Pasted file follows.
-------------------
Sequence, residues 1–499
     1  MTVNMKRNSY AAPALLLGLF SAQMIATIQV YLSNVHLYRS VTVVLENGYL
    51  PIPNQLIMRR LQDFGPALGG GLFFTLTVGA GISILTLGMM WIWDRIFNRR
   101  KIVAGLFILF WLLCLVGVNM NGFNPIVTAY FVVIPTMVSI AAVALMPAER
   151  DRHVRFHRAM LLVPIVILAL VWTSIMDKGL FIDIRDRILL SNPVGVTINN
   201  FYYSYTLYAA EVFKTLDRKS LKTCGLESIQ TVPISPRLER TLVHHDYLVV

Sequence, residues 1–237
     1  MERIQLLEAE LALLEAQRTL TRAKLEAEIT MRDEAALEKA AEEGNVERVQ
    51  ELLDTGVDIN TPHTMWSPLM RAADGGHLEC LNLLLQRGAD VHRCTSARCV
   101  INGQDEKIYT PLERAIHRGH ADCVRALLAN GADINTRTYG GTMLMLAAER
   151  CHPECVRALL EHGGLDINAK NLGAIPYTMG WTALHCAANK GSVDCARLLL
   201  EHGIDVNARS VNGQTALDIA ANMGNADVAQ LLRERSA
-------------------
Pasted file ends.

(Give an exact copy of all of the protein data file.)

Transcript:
Sequence, residues 1–499
     1  MTVNMKRNSY AAPALLLGLF SAQMIATIQV YLSNVHLYRS VTVVLENGYL
    51  PIPNQLIMRR LQDFGPALGG GLFFTLTVGA GISILTLGMM WIWDRIFNRR
   101  KIVAGLFILF WLLCLVGVNM NGFNPIVTAY FVVIPTMVSI AAVALMPAER
   151  DRHVRFHRAM LLVPIVILAL VWTSIMDKGL FIDIRDRILL SNPVGVTINN
   201  FYYSYTLYAA EVFKTLDRKS LKTCGLESIQ TVPISPRLER TLVHHDYLVV

Sequence, residues 1–237
     1  MERIQLLEAE LALLEAQRTL TRAKLEAEIT MRDEAALEKA AEEGNVERVQ
    51  ELLDTGVDIN TPHTMWSPLM RAADGGHLEC LNLLLQRGAD VHRCTSARCV
   101  INGQDEKIYT PLERAIHRGH ADCVRALLAN GADINTRTYG GTMLMLAAER
   151  CHPECVRALL EHGGLDINAK NLGAIPYTMG WTALHCAANK GSVDCARLLL
   201  EHGIDVNARS VNGQTALDIA ANMGNADVAQ LLRERSA